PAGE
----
/Struggles for Job Security and Rights Continue at City University of New York Amid Triple Crisis – Prof. Dr. Ángel L. Martínez

Struggles for Job Security and Rights Continue at City University of New York Amid Triple Crisis – Prof. Dr. Ángel L. Martínez

Prof. Dr. Ángel L. Martínez
City University of New York

CoVID 19, police brutality, and traumatic economic decline are the stage for a preparation for a fight back at the City University of New York (CUNY) to be led by its union of education workers – Professional Staff Congress (PSC-CUNY). The three-headed monster of crises have sharpened the contradictions facing attempts by the State of New York to continue imposition of its austerity regime on CUNY, a university for the working clsss of New York City, a COVID 19 epicenter. In the New York State budget for 2020, Governor Andrew Cuomo announces no new funding for CUNY and more cuts coupled with that unpleasant news.

Coupled already with economic decline that had long been visible yet only more aggravated by the pandemic, the risk of job loss and even full-time status is in jeapordy at CUNY.

Part of the budget-slashing normal that continues to threaten many academics with precarity is the norm of adjunctifi cation, as CUNY has witnessed along with most institutions of higher education in the US and many more outside of the country. Only in the US there is already a double pandemic, the dreaded respiratory disease preceded for two centuries by a pandemic tragically characterized now by breath-stealing chokeholds. Two pandemics that raise havoc on the lungs.

Adjunctifi cation compounds this by replacing,, over the last few decades, a majority full-time faculty with benefi ts and job protections with an enormous pool of “part time” and contingent faculty, with benefi ts that are not immediately accessible and without job protections. This is the higher education system’s contribution to the rampant “gig economy” that is fueling US economic collapse. In CUNY, as a result, most courses are now taught by faculty in a state of perpetual precarity, who may teach as little as one course at an hourly wage. Even an adjunct teaching the maximum of courses makes much less than a full-time faculty, now a shrinking minority, would be paid with a similar courseload.

As for full-time faculty, the switch to online resulted in a disruption that was also very severe: uncertainty about how upcoming tenure and promotion processes were to be continued.

PSC represents many titles: full and part time educational workers, teaching and non-teaching. They are all facing struggles against budget decimation even under the most severe conditions. The union has responded in opposition to austerity through protests, lobbying, and agitating for benefi ts and job security. Also, it called on New York State to “make billionaires pay” to fund CUNY.

These conditions may become more severe come the Fall semester. In addition to the ongoing adjunctifi cation, the colleges in the CUNY system are planning collectively to lay off what may be thousands of contingent workers as well as possibly reduce course offerings by up to onethird. Given that the CUNY student body is in its majority comprised of oppressed nationalities, this is inextricably linked to current struggles against racism linked to both protests against drastic cuts in public universities’ funding, against police misconduct, and the lack of resources to fight CoVID.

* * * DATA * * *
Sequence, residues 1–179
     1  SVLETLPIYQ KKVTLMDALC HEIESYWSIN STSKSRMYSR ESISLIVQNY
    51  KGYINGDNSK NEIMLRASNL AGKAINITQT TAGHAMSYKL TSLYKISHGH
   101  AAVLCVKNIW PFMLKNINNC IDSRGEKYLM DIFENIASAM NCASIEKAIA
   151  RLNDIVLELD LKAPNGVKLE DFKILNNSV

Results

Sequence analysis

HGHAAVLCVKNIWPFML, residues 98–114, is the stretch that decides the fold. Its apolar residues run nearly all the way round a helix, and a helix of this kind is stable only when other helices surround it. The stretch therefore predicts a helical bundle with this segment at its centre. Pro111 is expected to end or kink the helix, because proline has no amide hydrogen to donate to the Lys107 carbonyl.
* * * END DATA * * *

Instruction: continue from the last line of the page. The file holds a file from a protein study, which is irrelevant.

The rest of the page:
For adjunct faculty who have taught enough courses to qualify for health insurance, no work means no health care. PSC is struggling to keep employed as many adjuncts as possible, especially where that could result in loss of insurance. In a pandemic, the fear of the loss itself is catastrophic, Furthermore, the Union is agitating for transparency in its budget so it
can be informed for challenging proposed cuts as well as in how CUNY will implement the federal Coronavirus Aid, Relief, and Economic Security (CARES) Act which allocated funds to the university, which must in part be used to keep workers employed.

A campaign throughout the Summer will focus on these and other issues that the union is currently negotiating with CUNY management. Socially distant caravans, online town halls, and educating members about matters such as how contingent academic workers can receive unemployment insurance are some key facets of this campaign.

The hashtags for PSC’s social media campaign refl ect the deep dissatisfaction with New York State’s policy responses: #CutCOVIDNotCUNY, #SummerOfStruggle, #SaveLives- SaveJobsSaveCUNY and, very much showing the mood, #makebillionairespay.

The goals remain for PSC, among other demands, to fully fund CUNY, to save jobs, and have a plan for all workers to work safely. Constant agitation has been key to meeting demands so far and to force the CUNY administration to negotiate further with the union.

What will bring Cuomo and the CUNY administration to concede is PSC’s campaign for its demands to protect both workers and jobs, students and classes, without cuts and
layoffs? Truly, a fully-funded public university is necessary for the economic health of the communities they are mandated to serve.